The history and meaning of that first cyberpunk moment has been argued by writers and fans for decades—among them your columnist. While I was certainly an outlier, “Solstice,” a story I published right here in Asimov’s, was included in Mirrorshades. As a sometime participant and engaged onlooker, I have my own version of what took place, which you can read here www.nyrsf.com/2013/07/who-owns-cyberpunk-by-james-patrick-kelly.html if you’re interested, although others saw things differently. But what always bugged me about the term was that suffix -punk. Hardly any of the writers in Mirrorshades were any kind of punk that a punk rocker would have recognized. So in what sense was the suffix accurate? Well, the cyberpunks were certainly anti-establishment, if by establishment we mean SF’s predominant culture. Like their rock counterparts, they thought that the genre had lost its way. Early cyberpunk explored outlaw tech deployed by streetwise characters; these were easily recognizable stories that were thin on the ground at the time. The cyberpunk critique was that the SF mainstream wasn’t paying enough attention to the coming revolutions in computers and biotech and that many of their futures were too often focused on the privileged white middle class. The cyberpunks saw not only their characters, but themselves as rebellious, even transgressive. However, unlike the punk rockers who tried to squirm free of the music industry, cyberpunks fell deep into the embrace of capitalist publishing. Like punk rockers, they reached out to their fans in ’zines, notoriously Cheap Truth http://fanac.org/fanzines/Cheap_Truth/index.html?, a series of clever screeds crudely published for extra street cred. And like punk rock, cyberpunk found a larger audience that had a keen interest not only in the art, but in the lifestyle it depicted.
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Steam et. al.
By the end of the eighties there were those who were eager to proclaim the death of cyberpunk. But if it was indeed over, there was another day coming for -punk. For example, when my Mirrorshades comrade and current ’Mov’s reviewer Paul Di Filippo http://paul-di-filippo.com attempted to move beyond -punk by calling his movement ribofunk www.streettech.com/bcp/BCPtext/Manifestos/Ribofunk.html, he soon became a victim of suffix-mania, and was cited as an exemplar of the new biopunk https://en.wikipedia.org/wiki/Biopunk.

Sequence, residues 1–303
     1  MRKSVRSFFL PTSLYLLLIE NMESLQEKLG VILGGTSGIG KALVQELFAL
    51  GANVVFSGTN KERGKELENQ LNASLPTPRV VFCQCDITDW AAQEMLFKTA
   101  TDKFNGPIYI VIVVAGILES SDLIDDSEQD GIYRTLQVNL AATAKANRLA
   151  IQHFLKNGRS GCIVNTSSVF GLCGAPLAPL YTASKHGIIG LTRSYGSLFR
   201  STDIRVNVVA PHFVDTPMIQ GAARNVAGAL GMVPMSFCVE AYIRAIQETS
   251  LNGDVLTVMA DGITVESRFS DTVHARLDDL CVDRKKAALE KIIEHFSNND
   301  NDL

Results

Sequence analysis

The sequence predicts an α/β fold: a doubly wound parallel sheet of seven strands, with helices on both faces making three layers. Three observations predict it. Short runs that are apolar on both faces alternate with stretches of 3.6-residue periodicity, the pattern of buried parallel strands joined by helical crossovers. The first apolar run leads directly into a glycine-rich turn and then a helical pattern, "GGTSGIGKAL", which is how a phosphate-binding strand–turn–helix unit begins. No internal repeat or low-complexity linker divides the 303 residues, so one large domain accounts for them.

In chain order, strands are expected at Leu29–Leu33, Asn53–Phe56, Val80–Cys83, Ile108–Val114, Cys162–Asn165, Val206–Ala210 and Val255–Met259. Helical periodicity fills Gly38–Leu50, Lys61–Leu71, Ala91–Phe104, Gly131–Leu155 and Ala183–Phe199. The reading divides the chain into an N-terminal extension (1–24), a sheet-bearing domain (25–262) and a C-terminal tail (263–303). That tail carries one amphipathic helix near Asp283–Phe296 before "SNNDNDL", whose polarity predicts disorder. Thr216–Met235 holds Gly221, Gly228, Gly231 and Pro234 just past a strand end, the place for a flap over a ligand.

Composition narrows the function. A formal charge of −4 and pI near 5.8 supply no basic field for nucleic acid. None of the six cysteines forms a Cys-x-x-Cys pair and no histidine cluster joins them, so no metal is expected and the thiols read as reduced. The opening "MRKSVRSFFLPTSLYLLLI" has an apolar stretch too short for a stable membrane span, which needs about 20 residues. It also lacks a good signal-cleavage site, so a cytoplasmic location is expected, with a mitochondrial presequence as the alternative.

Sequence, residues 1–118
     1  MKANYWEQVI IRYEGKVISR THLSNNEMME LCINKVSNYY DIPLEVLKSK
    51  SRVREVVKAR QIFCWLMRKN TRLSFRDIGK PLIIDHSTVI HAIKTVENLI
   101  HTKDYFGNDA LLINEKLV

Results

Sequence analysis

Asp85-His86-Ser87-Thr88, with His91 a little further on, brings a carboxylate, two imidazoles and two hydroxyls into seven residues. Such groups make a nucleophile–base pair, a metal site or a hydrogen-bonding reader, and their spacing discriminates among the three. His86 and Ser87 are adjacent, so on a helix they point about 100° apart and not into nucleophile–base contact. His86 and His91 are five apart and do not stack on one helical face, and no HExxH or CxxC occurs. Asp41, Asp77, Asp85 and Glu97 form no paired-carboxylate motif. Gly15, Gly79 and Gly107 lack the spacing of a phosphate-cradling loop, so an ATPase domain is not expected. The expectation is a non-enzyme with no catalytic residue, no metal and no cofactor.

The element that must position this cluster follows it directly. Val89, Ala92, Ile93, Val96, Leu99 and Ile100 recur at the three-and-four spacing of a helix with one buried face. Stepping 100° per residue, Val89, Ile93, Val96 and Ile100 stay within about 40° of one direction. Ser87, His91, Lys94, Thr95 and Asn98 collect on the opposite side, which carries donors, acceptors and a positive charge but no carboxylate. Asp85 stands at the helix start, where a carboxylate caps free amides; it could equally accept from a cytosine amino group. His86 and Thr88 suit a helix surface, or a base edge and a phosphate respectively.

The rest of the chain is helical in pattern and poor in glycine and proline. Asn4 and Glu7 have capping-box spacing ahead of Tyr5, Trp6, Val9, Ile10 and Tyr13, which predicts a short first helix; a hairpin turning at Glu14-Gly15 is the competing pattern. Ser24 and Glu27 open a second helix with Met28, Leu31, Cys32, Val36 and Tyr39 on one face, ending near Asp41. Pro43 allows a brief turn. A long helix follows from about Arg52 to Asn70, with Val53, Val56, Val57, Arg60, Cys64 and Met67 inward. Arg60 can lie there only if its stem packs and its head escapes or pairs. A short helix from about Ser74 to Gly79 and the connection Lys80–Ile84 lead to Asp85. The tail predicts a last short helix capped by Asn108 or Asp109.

Meanwhile there were stirrings in another precinct of our genre. The -punk suffix forsook its sf future and relocated to the Victorian era. In a letter printed in Locus www.locusmag.com in 1987, K.W. Jeter www.sf-encyclopedia.com/entry/jeter_k_w, himself an accomplished cyberpunk, proposed the term steampunk www.steampunk.fandom.com/wiki/Steampunk_Wiki to refer to the works of his fellow retrofuturists James P. Blaylock www.sybertooth.com/blaylock and Tim Powers www.theworksoftimpowers.com. For better or possibly for worse, Jeter’s coinage stuck.
For the next decade the new subgenre explored alternate histories of the nineteenth century in which anachronistic steam-powered technologies—computers and robotics and air travel—were extrapolated. It started as a literary movement, or perhaps a moment, insofar as the first steampunks were not necessarily conspiring to shake things up like the cyberpunks had. Rather, the steampunk label was often applied to writers who might have been surprised to find themselves in each other’s company! For example, this list of the 23 Best Steampunk Books www.best-sci-fi-books.com/23-best-steampunk-books rounds up such disparate authors as Thomas Pynchon www.thomaspynchon.com, Cherie Priest www.cheriepriest.com, Jules Verne www.unmuseum.org/verne.htm, Phillip Pullman www.philip-pullman.com, and Mary Shelley www.poetryfoundation.org/poets/mary-wollstonecraft-shelley.